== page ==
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Sima Qian and Bias

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EALC 110 Professor Hayden Michael Day May 1, 2008 Records of the Grand Historian: Sima Qian and Bias The fact that history contains errors will not come as news to someone who has reflected on the topic. What is more disturbing however is that our history may be wrong and that there are great gaps in it. Maybe we have failed to record and gather the events that make up the fabric of history. It is little events, strung together and accumulated over time, which account for our place in history. This leads to the issue of an unbiased history, which is of utmost value. However, there is no such thing as an unbiased history. These biases may be blatant and as such are willful distortions of the past, resonating the inevitable fact that history is the propaganda of the winners. Beyond that, there are the cultural biases in history. A definition of "bias" is crucial to further understanding this issue. The usual implication of the term "bias" is that one is either deliberately or involuntarily ignoring some of the relevant facts. In this way, a historian can influence how the readers perceive a given period of history by what he or she has chosen to include and omit. ...read more.


(De Bary 372). Qian attempts to resolve his dilemma through the "Records," and thus provides insight into the emergence of an additional role of the historian - to compensate for the omissions made by both Heaven and the ruler. The "Records of the Grand Historian" is best described as a compilation made from previous sources and some original writing from Sima Qian (De Bary 368). On the approach of history, the main strength of the work is its encyclopedic nature, and the fact that it approaches most events from various angles. The "Record's" inherent weakness, however, is the difficulty it creates for one to obtain a synthetic vision of events. Some may see this weakness as a sign of neutrality because Qian uses many different sources to "balance" the biases, making the whole work more objective. It is here that one must differentiate between the "Records" and Qian the person, as he does not write all of the Shiji. In fact, the "Records" is by no means a "primary source," as most of the events it tells happened centuries before it was written, and the authenticity of chapters dealing with the most recent events was the most contested. Thus, the "job" of the historian to "select the most pertinent documents and arrange them in a way best calculated to demonstrate the cause and effect of events" (De Bary 368). ...read more.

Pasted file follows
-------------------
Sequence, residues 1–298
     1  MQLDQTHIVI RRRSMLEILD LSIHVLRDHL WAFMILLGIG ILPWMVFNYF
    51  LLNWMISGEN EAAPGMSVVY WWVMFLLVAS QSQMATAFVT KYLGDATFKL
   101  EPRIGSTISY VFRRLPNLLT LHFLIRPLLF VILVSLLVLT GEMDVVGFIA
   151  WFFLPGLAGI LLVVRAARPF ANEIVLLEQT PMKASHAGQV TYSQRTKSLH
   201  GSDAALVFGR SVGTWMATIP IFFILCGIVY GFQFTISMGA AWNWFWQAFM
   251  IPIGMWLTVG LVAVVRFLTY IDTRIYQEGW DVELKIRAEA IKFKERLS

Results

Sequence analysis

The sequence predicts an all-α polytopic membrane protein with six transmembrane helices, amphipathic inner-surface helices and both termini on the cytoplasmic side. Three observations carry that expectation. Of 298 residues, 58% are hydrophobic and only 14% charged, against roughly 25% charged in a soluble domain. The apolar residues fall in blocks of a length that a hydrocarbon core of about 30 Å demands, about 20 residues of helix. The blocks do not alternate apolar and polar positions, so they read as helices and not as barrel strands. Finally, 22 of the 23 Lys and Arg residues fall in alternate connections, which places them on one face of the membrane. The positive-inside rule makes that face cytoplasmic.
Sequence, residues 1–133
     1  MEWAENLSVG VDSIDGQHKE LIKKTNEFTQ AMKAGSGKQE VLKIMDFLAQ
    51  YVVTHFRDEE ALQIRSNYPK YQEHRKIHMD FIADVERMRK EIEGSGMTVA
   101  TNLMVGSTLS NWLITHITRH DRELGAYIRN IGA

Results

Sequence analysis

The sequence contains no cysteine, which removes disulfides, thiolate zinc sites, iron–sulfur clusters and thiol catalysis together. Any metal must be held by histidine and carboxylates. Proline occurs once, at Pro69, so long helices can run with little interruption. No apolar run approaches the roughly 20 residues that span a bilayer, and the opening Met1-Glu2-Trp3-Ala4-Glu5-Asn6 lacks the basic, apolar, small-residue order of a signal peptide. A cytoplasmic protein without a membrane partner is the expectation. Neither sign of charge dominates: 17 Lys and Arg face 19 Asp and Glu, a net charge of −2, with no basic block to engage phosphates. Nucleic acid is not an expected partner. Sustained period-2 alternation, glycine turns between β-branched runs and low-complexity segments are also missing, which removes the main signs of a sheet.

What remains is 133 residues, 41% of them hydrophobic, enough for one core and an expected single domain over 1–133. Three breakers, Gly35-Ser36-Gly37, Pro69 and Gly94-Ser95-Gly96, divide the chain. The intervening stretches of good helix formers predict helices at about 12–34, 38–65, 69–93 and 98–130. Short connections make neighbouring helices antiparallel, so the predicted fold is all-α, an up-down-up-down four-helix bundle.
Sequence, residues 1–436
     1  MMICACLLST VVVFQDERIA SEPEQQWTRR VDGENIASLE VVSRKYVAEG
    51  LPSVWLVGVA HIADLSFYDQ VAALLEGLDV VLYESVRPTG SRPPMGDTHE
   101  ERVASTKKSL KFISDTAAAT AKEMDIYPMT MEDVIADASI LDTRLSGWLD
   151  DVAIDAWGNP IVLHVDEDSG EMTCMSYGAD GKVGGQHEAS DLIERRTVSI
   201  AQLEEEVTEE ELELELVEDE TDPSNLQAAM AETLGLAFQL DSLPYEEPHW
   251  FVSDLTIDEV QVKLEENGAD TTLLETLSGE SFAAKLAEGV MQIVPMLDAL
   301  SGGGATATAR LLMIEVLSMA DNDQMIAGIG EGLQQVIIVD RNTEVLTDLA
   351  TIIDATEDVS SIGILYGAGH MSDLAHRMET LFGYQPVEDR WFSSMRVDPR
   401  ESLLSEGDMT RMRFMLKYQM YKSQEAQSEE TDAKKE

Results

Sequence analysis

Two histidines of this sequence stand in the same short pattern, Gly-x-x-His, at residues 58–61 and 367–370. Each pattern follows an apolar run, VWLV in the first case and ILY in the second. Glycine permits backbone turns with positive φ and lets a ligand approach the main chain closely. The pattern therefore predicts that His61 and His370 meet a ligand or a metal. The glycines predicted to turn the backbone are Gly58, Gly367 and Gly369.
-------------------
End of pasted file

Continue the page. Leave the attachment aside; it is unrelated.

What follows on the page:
focused on times in the past when the rulers failed to recognize the dedicated and virtuous, thus allowing future rulers to learn from past mistakes. Sima Qian's formation of history served as much more than a simple retelling of events of the past. The manner in which he organized his record of history was done in a way to fulfill what the Han expected of the historian, as well as attempt to resolve an anomaly noted in his own life. Qian may be perceived as an artist as he designed the "Records" in a skillful way that serves a multitude of purposes. There is an inherent bias within the "Records," mainly because it is not a primary source. For certain chapters, the biases are not Qian's own but the biases of the sources he used. The second main type of bias that is represented in the "Records" is attributed through Qian's own personal life. However, it may be beneficial to reconstruct the term "bias" and view it as a strategic method rather than deliberate manipulation of the works. Qian's intentions were wholesome and not deceptive. His main purpose was the help unify the people of China, reinstate rites and music, provide further insight into the universe, and remind people of the importance of morals and virtues that were sometimes overlooked by not only rulers, but also by Heaven. ...read more.

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